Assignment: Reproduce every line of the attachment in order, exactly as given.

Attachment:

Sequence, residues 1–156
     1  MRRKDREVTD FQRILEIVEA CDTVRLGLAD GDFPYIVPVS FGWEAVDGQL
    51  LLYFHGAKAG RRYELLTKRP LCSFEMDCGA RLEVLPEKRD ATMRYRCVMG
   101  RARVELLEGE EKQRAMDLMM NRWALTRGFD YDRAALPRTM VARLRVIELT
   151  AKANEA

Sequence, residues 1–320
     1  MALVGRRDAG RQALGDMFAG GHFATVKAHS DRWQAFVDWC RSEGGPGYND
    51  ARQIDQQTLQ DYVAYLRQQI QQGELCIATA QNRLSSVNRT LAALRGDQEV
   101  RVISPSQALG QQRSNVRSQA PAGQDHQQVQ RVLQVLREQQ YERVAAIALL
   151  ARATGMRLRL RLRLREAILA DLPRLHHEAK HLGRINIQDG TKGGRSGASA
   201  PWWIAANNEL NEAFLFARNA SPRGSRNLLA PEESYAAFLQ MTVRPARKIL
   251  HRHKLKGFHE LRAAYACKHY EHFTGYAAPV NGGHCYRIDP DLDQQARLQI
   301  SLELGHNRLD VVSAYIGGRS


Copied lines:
Sequence, residues 1–156
     1  MRRKDREVTD FQRILEIVEA CDTVRLGLAD GDFPYIVPVS FGWEAVDGQL
    51  LLYFHGAKAG RRYELLTKRP LCSFEMDCGA RLEVLPEKRD ATMRYRCVMG
   101  RARVELLEGE EKQRAMDLMM NRWALTRGFD YDRAALPRTM VARLRVIELT
   151  AKANEA

Sequence, residues 1–320
     1  MALVGRRDAG RQALGDMFAG GHFATVKAHS DRWQAFVDWC RSEGGPGYND
    51  ARQIDQQTLQ DYVAYLRQQI QQGELCIATA QNRLSSVNRT LAALRGDQEV
   101  RVISPSQALG QQRSNVRSQA PAGQDHQQVQ RVLQVLREQQ YERVAAIALL
   151  ARATGMRLRL RLRLREAILA DLPRLHHEAK HLGRINIQDG TKGGRSGASA
   201  PWWIAANNEL NEAFLFARNA SPRGSRNLLA PEESYAAFLQ MTVRPARKIL
   251  HRHKLKGFHE LRAAYACKHY EHFTGYAAPV NGGHCYRIDP DLDQQARLQI
   301  SLELGHNRLD VVSAYIGGRS